Subjects ” Alzheimer’s disease and dementia
HealthDay News – According to a February 17 study published online, the volumes of white matter hyperintensities (WMH) in behavioral frontotemporal dementia (bvFTD) are larger than in Alzheimer’s disease (AD), and larger volumes are related to disease severity at bvFTD connected in neurology.
Katherine Huynh of the University of Sydney in Australia and colleagues conducted a cross-sectional magnetic resonance imaging (MRI) study of the brain with volumetric and voxel-by-voxel analyzes. A total of 129 patients (64 with bvFTD and 65 with AD) and 66 controls underwent a high-resolution MRI as well as a clinical and neuropsychological examination. Genetic screening was performed in 124 cases (54 bvFTD, 44 AD and 26 controls) and post-mortem pathology was available in 18 cases (13 bvFTD and five AD).
The researchers found that patients with bvFTD had greater total WMH volume compared to patients with AD and controls. WMH volumes were associated with disease severity in bvFTD, but not with vascular risk. Distinct spatial patterns of WMH were observed in bvFTD and AD, which reflected characteristic patterns of cortical atrophy. A connection between regional WMH exposure and poorer cognitive performance in discrete cognitive areas was found. WMH-related cognitive impairments were shared between the syndromes; additional associations were seen in bvFTD.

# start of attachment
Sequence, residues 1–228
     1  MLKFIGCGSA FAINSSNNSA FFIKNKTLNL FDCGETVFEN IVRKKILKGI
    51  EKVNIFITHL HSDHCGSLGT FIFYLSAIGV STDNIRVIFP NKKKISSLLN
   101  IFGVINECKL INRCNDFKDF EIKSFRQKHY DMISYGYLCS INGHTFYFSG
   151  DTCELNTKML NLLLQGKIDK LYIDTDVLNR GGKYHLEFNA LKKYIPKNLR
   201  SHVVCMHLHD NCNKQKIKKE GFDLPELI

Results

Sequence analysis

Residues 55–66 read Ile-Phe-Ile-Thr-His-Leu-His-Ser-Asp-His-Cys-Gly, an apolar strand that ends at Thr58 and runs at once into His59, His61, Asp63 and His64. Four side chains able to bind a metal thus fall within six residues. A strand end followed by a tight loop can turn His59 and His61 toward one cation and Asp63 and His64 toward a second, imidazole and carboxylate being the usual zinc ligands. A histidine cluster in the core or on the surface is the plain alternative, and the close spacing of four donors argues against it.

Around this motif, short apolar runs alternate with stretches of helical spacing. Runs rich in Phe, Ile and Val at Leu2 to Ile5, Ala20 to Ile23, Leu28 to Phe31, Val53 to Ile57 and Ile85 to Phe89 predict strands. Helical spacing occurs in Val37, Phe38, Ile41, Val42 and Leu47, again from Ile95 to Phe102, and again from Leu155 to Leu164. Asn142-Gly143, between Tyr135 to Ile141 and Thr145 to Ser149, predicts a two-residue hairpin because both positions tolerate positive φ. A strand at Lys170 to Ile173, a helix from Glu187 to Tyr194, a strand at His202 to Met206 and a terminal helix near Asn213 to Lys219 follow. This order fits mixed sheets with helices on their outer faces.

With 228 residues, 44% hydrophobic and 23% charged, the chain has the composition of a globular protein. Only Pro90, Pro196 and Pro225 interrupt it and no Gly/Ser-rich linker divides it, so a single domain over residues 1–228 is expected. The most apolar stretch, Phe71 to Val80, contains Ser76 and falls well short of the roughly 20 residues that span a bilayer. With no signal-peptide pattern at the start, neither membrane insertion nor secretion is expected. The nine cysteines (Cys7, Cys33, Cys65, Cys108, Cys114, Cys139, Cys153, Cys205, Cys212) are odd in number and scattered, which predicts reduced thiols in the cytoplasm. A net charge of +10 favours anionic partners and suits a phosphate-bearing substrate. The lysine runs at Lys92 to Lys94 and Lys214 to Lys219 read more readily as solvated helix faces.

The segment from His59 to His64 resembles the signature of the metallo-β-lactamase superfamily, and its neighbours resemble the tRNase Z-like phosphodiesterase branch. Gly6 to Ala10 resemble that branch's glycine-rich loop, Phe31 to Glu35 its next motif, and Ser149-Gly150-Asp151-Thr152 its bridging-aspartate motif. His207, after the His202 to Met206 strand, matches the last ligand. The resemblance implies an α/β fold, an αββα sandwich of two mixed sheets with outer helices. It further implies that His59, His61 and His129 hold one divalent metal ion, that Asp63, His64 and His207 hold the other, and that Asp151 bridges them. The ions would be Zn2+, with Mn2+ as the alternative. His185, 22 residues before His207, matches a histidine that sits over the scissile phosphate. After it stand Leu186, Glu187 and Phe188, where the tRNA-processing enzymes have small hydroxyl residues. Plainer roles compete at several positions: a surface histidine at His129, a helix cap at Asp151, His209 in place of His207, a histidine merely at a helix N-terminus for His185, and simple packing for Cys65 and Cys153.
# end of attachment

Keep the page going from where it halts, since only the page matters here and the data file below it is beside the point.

“White matter hyperintensities should be viewed as a core characteristic of frontotemporal dementia and Alzheimer’s disease that can contribute to cognitive problems, not just as a marker of vascular disease,” a co-author said in a statement.
Summary / full text (subscription or payment required)
Alzheimer’s disease and dementia dementia
Would you like to read more?
Please log in or register first to view this content.
Next post in Alzheimer’s and Dementia